Ten States Get No Child Left Behind Waivers
All but one of the states that applied last fall for relief from No Child Left Behind (NCLB) have been granted waivers from the Department of Education. The waivers will allow states to escape some of the strictest requirements under NCLB, including the mandate that all students be proficient in math and reading by 2014. In return, the states have agreed to set new academic targets and establish new strategies for evaluating teachers. Colorado, Florida, Georgia, Indiana, Kentucky, Massachusetts, Minnesota, New Jersey, Oklahoma, and Tennessee all received waivers, while New Mexico was denied a waiver. Read more here.
Los Angeles School Reopens With New Staff in Wake of Sex-Abuse Scandal
Miramonte Elementary School reopened today with an entirely new staff after having closed for two days amid a child sex abuse scandal. L.A. Unified Superintendent John Deasy said he was replacing the staff so that the investigation could proceed without interruption. This comes after the arrest of Mark Berndt, a teacher at Miramonte, was arrested for allegedly committing lewd acts on 23 children between the ages of 6 and 10. Berndt, who had taught at the school for 30 years, is accused of taking hundreds of sexually exploitative photographs of students. A second teacher, Martin Bernard, was arrested last Friday, but one student who had accused him of fondling her has since recanted her story. Read more here.
White House Science Fair Highlights Commitment to STEM Education
On Tuesday President Obama hosted the second White House Science Fair, complete with 30 exhibits, including a system to detect nuclear threats, a prosthetic hand, a high-speed marshmallow air cannon and portable disaster shelters. But the science fair wasn’t all flying marshmallows and robots. The President used the event to highlight his efforts to encourage STEM education in science, technology, engineering and math (which is what the acronym stands for). According to The New York Times, Obama will seek to dedicate $80 million for a new federal competition to support programs to prepare teachers to teach STEM subjects. He is also proposing a $60 million fund to improve mathematics education. Read more about the science fair here.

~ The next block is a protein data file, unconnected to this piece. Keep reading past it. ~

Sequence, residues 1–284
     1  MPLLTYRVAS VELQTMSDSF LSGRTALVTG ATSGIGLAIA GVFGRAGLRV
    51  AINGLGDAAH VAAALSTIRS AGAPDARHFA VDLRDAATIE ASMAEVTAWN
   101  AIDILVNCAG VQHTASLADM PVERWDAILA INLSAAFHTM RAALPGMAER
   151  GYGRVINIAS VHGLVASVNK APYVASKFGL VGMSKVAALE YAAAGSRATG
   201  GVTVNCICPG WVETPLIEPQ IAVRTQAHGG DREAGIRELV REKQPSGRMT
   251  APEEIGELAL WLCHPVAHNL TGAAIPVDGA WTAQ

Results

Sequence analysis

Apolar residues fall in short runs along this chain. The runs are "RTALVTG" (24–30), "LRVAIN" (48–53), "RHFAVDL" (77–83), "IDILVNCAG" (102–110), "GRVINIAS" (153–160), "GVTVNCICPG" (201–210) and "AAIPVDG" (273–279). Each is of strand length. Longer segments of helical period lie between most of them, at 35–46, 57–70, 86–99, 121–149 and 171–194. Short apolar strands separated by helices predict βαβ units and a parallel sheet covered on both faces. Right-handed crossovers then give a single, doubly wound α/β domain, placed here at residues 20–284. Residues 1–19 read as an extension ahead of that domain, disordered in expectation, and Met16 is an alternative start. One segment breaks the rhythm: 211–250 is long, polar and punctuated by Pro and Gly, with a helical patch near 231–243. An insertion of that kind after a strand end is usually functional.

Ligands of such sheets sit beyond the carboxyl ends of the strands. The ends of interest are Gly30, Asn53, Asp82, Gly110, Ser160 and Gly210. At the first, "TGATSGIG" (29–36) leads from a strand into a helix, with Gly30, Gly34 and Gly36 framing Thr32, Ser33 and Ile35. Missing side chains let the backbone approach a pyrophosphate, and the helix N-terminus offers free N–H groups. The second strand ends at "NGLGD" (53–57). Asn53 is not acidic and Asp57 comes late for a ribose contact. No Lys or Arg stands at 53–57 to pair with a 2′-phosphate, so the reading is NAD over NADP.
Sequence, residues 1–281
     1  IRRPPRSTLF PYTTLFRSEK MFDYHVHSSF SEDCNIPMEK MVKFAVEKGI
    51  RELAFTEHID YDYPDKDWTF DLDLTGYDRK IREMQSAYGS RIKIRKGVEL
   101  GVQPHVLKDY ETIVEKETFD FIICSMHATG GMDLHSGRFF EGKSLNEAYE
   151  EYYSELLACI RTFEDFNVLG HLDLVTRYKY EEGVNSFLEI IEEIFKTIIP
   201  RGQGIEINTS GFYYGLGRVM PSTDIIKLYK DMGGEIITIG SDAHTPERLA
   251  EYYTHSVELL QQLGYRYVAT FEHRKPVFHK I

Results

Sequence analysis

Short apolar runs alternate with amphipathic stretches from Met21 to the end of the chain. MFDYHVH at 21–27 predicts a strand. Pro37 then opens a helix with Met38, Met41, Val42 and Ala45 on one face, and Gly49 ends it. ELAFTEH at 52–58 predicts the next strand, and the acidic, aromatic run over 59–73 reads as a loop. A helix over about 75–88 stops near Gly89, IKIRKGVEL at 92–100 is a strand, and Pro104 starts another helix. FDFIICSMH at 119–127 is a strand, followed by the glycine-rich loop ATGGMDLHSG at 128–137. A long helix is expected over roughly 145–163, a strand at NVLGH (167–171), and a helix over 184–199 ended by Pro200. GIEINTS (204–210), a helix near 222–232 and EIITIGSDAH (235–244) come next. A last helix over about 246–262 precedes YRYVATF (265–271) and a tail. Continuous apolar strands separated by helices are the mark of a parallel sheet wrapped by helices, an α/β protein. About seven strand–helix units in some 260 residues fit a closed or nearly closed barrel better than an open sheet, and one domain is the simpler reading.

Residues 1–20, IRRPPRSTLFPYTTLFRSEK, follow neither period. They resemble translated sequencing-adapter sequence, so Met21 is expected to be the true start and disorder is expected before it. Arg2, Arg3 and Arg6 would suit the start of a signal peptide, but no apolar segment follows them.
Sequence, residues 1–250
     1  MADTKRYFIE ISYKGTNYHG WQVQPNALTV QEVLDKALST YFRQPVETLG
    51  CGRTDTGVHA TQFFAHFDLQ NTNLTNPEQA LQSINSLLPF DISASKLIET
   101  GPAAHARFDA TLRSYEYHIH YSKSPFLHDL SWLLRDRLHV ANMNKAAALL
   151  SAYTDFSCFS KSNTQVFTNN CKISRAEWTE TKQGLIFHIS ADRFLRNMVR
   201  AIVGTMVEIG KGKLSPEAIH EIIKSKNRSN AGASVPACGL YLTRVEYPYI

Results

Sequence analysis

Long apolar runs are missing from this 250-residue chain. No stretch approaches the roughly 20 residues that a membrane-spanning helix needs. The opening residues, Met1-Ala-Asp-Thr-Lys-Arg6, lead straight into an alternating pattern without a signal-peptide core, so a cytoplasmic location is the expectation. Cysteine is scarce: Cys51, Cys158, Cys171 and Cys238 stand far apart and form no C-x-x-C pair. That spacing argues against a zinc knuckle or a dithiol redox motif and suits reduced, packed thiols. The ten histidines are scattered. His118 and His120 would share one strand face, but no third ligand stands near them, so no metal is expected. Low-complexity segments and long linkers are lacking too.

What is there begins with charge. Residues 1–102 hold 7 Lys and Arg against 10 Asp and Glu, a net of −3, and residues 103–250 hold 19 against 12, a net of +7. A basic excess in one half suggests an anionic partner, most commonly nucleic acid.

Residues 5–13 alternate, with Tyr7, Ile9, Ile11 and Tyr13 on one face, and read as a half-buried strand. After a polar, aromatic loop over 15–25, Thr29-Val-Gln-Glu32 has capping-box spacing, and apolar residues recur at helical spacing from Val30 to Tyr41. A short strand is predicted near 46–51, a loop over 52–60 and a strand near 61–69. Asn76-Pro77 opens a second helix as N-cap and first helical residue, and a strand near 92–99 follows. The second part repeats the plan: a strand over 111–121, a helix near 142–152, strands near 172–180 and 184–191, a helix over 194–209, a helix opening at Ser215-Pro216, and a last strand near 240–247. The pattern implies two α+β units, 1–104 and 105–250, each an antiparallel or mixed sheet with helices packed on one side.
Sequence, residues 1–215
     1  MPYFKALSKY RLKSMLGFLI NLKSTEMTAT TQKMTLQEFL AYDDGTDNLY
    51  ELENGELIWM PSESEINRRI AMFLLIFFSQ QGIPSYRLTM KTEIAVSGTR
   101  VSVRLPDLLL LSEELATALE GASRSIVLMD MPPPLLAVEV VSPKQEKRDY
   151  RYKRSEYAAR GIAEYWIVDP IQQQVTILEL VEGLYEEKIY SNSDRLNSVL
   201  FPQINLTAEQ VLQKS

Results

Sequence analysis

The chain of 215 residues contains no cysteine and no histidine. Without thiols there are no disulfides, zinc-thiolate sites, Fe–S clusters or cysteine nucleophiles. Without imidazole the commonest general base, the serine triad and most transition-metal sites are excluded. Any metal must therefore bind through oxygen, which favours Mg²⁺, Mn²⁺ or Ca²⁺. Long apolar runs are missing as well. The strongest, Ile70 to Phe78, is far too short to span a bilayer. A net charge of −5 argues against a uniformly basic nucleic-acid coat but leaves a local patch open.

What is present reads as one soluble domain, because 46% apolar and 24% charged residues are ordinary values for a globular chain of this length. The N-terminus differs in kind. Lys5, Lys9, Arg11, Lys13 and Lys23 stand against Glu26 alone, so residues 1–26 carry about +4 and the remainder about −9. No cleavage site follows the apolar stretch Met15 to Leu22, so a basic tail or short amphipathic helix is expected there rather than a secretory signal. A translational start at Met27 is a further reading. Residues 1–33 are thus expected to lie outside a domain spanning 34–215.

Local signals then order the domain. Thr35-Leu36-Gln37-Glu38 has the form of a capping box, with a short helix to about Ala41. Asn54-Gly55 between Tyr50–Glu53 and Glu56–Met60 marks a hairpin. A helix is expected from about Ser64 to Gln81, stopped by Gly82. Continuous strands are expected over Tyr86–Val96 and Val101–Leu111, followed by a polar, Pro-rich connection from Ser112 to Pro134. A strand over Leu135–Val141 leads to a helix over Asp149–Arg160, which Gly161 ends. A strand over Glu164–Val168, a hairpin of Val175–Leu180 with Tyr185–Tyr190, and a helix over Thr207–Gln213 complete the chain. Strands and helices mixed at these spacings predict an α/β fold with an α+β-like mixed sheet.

Bankruptcy Lawyers Warn of Increase in Student-Loan Debt Loads
In an effort to shed light on a policy they say “doesn’t make any sense,” a group of bankruptcy lawyers issued a report on Tuesday that highlights the need to change the U.S. bankruptcy code so that it offers college grads relief from inescapable debt loads. In the report from the National Association of Consumer Bankruptcy Attorneys, four out of five of the 860 lawyers surveyed said the number of potential clients they encounter with student loan debt has “significantly” or “somewhat” increased over the past 3 to 4 years. Read my piece, “Why Can’t You Discharge Student Loans in Bankruptcy?” on TIME Moneyland here.
College Defends Its Sale of “Morning After Pill”
Shippensburg University of Pennsylvania came out with a statement in defense of its practice of selling Plan B (also known as the “morning after pill”) in a vending machine on campus after the media frenzy earlier this week. The school says the vending machine is provided on request of its students and is in a private room accessible only to students. The $25 fee for the pill is paid for by the purchaser. Read more here.
A School District’s War on Gay Teens
And, just in case you haven’t read it yet, Rolling Stone has a powerful story called “One Town’s War on Gay Teens” in its latest issue. In the article, writer Sabrina Rubin Erdely details how the Anoka-Hennepin School District finds itself in the spotlight for not only having an unusually high number of suicides, but also for having contributed to the death toll by cultivating an extreme anti-gay climate. Read the full story here.